This time of year – winter for us in the northern hemisphere – is a great time to check out our wheels in preparation for next season. If you’re like me, your winter wheels are now on the bike or it could be that your bike is not used (atleast as much as normal) until spring arrives. No matter, as now is the ideal time to check your wheels; you have lots of time to make any necessary adjustments or repairs during this “slow season.”
A thorough check will address all parts of the wheel system – rims, spokes, nipples, hubs, bearings, rim tapes, tires and tubes.
Start With a Thorough Cleaning
Begin with the wheels still on the bike. Put the bike in the stand, hang it from the rafters or simply flip it over onto its saddle and handlebars and start with cleaning the wheels, as it’s tough to spot subtle issues when the wheels are dirty.
After the cleaning, simply spin the wheels, observe and listen. Are the wheels out of true? Is there a bearing rumble? Is there play when the rim is pulled sideways at the brake pads, which indicates looseness in the bearings?
If you observe a wheel wobble, you need to do a bit of sleuthing to find if there is an underlying cause for this. Same with the hub bearings – maybe a simple cleaning, re-lube and careful adjustment is needed. Or in the case of cartridge bearing hubs, maybe it’s time for new bearings.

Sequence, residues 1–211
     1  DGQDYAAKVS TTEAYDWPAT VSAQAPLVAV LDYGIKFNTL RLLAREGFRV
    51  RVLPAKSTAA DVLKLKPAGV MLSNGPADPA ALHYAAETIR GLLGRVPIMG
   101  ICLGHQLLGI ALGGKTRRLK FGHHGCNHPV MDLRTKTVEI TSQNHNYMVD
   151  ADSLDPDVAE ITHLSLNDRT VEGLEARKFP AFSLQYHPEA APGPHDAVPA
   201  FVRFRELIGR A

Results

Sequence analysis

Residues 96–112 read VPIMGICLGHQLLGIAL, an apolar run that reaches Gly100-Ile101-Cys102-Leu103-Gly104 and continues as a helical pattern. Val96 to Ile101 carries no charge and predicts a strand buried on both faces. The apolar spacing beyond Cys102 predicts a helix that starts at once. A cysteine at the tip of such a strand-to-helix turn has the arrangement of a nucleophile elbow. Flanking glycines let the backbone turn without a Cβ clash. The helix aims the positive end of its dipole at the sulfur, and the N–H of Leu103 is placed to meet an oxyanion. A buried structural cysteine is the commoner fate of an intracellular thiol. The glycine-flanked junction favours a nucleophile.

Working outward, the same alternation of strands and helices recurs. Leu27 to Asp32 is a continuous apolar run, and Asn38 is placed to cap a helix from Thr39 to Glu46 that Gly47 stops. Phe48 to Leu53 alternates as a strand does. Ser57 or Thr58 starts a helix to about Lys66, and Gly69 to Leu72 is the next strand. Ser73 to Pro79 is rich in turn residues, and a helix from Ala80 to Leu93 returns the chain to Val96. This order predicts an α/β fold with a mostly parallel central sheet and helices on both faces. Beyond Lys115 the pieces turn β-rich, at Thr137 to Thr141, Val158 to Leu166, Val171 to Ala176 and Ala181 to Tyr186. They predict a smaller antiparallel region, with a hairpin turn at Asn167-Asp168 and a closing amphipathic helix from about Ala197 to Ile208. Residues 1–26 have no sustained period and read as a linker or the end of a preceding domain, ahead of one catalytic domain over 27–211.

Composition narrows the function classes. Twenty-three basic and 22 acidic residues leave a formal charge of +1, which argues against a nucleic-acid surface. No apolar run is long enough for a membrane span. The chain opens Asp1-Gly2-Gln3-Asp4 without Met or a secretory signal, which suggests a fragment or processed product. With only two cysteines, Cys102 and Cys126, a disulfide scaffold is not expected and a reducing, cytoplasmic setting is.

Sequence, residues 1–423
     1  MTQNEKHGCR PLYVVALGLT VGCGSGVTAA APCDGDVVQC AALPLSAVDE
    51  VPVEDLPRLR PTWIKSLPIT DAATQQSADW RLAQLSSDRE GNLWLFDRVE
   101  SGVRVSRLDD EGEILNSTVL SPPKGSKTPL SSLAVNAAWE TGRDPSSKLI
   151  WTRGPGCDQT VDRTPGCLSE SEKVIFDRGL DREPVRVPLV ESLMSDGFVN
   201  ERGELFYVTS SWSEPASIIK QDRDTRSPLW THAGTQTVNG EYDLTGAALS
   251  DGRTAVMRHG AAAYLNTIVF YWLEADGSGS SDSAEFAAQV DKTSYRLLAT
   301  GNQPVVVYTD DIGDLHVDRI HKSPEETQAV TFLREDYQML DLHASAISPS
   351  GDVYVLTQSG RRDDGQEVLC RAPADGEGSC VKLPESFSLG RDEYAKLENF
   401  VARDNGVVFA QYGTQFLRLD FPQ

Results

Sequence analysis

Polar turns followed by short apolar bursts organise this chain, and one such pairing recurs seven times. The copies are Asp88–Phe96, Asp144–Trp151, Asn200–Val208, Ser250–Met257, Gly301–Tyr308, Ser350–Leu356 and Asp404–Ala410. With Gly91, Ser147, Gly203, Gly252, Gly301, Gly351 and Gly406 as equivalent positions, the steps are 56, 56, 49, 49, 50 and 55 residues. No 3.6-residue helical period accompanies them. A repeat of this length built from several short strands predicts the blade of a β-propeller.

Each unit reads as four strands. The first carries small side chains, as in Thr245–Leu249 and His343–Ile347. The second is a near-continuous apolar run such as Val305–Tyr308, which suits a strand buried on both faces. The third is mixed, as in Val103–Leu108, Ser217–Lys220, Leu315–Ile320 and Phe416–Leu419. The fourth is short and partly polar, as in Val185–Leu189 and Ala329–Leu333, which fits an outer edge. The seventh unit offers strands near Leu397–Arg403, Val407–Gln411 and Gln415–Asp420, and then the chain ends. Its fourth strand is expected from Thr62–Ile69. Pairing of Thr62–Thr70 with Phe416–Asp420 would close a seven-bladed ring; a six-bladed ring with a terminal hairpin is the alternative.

Carefully Check Each Wheel Component
The Rim – If the rim has a wobble, even a very slight one, we need to try to find its underlying cause. Look very closely at where the nipples exit the rim. Check here for very tiny cracks. Cracks in their early stages are hard to see, so check very carefully and don’t rush this one. Any crack means that the rim is dumpster material and now is the time for the new wheelset that you have lusted after, or at the very least those fancy rims and new spokes.
If no cracks are found, check the rim’s brake track because if this is worn out, there isn’t much point in going further. Failure to replace the rim because of worn, hollow brake tracks could mean that the rim sidewall cracks off and a catastrophic blow-out will be the result.
If no cracks or badly worn brake tracks are found, then check for any loose spokes. I do this automatically every time I clean my wheels. Just pluck each spoke with a fingertip at mid-span and listen to the tones as you go around one side of the wheel. A low tone, relative to the higher tone ones, means a loose spoke, and this could be the source of the wobble. Remember, only compare spoke tones on one side of the wheel. Dished wheels will have different spoke tensions side-to-side and therefore different tones.
If you find a loose spoke, make double sure its nipple hole isn’t cracked. If it isn’t, flag the spoke with tape and spin the wheel to see if this loose spoke is the source of the wobble. Tension the spoke so that its plucked pitch equals that of adjacent spokes. Then re-true the wheel. If you’re not sure that you have enough overall spoke tension, have the bike shop check the tension if you don’t have a tensiometer of your own.
If you have followed my earlier The Wheel Builder columns, you will know that the only tool that you need to re-tension and true your wheels is a spoke wrench.
The Spokes – Check them for tension equality, as noted above. Check for any bent spokes or ones with surface nicks. Slightly bent spokes are usually not a problem, but surface nicks provide stress-risers, which can lead to early failure.